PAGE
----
Group pressures also invariably work to unify against suspicions or criticism coming from outside. When this comes from within, however, the organisation often turns to censorship and then censure of those who speak frankly. This is the great problem of total institutions, not least of most religious organisations and especially ashrams, to which Sai Baba’s are certainly not exceptions. Many brush all hints of misrule and corruption under the carpet, believing that they become better devotees and increase their chances of receiving grace in one or another form. Sheepishly following is a trait encouraged and sometimes outwardly rewarded – at least in small ways – especially by those selected leaders who revelled in power over others and prestige within the organization.

Some examples: a villager’s death caused by Sai Baba’s driver; that man’s self-immolation as a result; a male US visitor killed at Brindavan found with his testicles cut off, the murder within the ashram of Sai Baba’s long-term violent bully and gatekeeper Kumar, a van accident on the way to Bangalore in which two students died, the death of a woman devotee under the ‘wish-fulfilling’ tree (!), the rape and murder of another foreign lady in Puttaparthi, the knifing to death by two thieves of a Swiss lady in her new ashram apartment, the Spiritual Museum dome’s collapse causing the death of three Americans… plus a number of other deaths in veiled circumstances through the years. There were many more such incidents. The first-mentioned death is worth recounting as it was told to me when I questioned V.K. Narasimhan, the close servitor of SB and a great friend of mine. In the late 1980s, Sai Baba’s personal driver for over 20 years took his own life by immolating himself, dowsing himself in petrol and setting himself on fire under the Shiva statue in the Hillview Stadium. He had failed to follow a warning, repeated three times by Sai Baba, to drive more slowly. While testing one of Sai Baba’s fleet of cars, he happened to knock down and kill a villager in a place near Puttaparthi. This was hushed up by secret monetary compensation by the ashram officials or, in a more accurate term, ‘bribes’. The poor man was driven to this by words uttered by Sai Baba himself. According to Narasimhan, the words of Sai Baba had been that, if one did not follow his directions to the letter after repeated warnings, one might as well set fire to oneself! However, the ashram officials must bear some of the real blame too, for they reacted to his ‘crime’ while Sai Baba was away in Brindavan by rigorously banning him from the ashram, knowing that he had no property or money, for he had been a selfless server of Sai Baba for decades, and so he chose to end it all. This is how the aphorisms so dear to Sai Baba, “Help ever, hurt never” and “Why fear when I am here” actually play out when his interests were seen to be threatened in any way, even by a road accident!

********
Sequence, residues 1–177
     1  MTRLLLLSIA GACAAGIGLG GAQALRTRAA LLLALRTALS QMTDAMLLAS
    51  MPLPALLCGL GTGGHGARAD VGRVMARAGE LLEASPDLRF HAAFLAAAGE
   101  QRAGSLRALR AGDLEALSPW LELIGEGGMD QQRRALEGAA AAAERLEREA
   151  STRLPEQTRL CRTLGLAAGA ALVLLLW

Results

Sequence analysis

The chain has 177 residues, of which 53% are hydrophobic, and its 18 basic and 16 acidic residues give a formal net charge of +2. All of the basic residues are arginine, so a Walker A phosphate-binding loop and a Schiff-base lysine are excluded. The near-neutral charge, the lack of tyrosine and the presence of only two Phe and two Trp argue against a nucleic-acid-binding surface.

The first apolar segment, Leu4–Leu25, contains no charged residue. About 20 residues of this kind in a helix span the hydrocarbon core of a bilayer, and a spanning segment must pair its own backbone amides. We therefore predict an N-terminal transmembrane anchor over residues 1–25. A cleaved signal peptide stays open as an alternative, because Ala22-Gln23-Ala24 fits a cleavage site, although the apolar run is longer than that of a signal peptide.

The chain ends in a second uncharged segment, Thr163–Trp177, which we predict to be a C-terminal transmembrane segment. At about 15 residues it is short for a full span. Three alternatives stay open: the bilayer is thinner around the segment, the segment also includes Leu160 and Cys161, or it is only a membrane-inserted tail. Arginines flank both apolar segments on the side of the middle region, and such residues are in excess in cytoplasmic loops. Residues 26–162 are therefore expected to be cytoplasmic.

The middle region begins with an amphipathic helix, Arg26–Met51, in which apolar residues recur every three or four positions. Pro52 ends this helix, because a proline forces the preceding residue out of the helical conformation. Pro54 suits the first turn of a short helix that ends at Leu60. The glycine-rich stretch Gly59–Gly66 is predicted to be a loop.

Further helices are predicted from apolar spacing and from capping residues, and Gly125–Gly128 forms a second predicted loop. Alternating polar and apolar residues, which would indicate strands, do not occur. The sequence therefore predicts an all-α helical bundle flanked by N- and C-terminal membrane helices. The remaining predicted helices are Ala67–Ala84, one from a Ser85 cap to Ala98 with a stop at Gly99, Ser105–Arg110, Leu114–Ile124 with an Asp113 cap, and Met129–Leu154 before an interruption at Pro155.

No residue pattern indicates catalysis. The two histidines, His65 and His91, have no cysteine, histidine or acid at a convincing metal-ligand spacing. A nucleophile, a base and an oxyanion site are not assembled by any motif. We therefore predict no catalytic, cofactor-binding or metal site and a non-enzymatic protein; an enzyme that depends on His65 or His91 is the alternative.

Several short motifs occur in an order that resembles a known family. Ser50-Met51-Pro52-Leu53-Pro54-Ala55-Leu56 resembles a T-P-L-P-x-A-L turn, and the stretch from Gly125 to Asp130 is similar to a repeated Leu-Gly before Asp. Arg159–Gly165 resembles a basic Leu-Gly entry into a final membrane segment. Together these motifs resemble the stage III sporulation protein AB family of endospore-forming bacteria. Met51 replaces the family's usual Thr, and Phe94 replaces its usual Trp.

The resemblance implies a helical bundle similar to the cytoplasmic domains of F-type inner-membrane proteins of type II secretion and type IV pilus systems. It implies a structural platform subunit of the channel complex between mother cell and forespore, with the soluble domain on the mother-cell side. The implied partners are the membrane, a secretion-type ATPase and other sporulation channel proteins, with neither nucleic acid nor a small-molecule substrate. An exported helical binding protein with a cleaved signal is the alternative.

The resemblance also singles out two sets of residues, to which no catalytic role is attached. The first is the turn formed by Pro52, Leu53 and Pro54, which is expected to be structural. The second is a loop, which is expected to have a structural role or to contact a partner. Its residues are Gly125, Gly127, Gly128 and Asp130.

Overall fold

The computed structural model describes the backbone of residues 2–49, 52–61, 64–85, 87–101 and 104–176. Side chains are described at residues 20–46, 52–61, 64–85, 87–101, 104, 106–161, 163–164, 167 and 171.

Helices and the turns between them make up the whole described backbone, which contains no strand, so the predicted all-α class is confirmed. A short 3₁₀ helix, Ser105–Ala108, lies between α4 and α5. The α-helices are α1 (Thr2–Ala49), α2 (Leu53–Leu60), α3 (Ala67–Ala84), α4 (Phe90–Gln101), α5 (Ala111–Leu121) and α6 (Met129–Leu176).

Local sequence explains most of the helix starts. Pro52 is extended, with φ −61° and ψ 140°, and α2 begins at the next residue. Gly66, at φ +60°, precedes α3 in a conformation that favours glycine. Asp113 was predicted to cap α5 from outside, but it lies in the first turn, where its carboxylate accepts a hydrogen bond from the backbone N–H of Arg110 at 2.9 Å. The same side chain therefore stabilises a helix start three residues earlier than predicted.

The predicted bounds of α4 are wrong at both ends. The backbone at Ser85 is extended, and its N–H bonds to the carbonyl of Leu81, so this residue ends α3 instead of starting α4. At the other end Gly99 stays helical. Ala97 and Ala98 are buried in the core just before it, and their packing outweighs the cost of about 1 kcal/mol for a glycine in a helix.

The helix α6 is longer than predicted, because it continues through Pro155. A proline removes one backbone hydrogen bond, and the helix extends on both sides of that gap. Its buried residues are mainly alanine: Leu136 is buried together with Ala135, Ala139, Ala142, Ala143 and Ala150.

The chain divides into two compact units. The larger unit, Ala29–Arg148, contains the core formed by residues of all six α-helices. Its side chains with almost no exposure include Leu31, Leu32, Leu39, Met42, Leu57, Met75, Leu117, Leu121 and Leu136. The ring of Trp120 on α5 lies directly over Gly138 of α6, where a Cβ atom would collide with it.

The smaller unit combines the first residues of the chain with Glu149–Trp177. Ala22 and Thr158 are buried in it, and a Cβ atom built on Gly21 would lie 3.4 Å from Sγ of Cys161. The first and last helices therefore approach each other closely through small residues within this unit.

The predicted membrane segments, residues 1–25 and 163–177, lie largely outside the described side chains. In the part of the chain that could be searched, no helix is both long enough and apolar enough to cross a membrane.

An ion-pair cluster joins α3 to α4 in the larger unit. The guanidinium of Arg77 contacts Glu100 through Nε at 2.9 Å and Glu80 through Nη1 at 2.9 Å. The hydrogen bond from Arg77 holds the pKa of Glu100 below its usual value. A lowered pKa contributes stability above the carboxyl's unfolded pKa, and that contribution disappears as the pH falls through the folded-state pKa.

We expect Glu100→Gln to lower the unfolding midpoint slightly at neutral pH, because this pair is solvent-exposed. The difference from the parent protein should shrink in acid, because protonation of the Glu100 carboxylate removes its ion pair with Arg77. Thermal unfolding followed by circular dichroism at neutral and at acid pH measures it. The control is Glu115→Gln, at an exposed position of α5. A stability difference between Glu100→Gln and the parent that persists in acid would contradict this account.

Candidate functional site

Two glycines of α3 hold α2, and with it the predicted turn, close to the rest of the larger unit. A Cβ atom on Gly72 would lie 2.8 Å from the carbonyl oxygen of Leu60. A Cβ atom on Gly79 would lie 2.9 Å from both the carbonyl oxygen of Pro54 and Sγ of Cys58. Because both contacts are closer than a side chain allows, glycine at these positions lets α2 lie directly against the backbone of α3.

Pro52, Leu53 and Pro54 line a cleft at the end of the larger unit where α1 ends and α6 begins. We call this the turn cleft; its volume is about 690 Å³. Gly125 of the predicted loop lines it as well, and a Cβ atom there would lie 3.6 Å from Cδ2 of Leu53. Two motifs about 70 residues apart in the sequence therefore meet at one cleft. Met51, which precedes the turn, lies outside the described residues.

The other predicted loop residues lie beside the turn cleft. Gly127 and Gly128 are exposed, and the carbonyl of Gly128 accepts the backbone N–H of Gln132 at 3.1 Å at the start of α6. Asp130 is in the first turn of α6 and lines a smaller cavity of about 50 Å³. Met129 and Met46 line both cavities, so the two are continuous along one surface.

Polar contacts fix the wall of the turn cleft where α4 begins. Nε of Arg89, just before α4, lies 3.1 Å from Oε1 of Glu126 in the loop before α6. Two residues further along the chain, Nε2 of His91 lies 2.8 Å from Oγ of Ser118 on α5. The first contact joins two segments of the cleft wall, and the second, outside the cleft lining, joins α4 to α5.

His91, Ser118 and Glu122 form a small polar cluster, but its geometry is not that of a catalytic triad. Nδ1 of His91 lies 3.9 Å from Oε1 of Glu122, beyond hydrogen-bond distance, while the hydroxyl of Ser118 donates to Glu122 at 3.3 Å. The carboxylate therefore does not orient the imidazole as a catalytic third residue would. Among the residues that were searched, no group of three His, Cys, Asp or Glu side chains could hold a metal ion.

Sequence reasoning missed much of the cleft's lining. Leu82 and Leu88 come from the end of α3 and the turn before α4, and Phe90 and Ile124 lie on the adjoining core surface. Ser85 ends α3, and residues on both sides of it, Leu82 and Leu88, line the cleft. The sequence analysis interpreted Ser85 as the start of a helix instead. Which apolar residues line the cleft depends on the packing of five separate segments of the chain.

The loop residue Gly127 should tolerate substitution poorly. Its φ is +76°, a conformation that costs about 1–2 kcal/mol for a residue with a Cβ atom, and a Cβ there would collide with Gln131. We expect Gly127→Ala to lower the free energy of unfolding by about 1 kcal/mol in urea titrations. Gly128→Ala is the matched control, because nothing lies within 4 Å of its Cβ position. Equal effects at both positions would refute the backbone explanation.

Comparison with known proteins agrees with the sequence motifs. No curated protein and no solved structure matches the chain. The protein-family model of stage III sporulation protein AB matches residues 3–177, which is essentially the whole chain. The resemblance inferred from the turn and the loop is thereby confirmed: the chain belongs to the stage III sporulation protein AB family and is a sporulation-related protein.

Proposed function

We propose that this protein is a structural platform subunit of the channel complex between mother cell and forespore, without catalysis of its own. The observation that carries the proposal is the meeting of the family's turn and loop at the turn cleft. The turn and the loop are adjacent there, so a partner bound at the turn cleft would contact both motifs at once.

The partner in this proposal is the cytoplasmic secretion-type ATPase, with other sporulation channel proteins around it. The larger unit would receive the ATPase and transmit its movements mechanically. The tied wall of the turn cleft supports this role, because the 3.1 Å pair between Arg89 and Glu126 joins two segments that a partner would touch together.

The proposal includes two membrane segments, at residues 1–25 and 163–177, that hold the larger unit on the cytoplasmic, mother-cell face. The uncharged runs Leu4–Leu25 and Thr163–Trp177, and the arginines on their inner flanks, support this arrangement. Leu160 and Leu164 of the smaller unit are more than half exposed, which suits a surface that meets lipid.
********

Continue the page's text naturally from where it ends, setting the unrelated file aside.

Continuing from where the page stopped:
The following comment came in today, which bears out the above perceptions and shows what many grass root members of the Sathya Sai Organization had to put up with in the way of high-handed and even despotic methods:-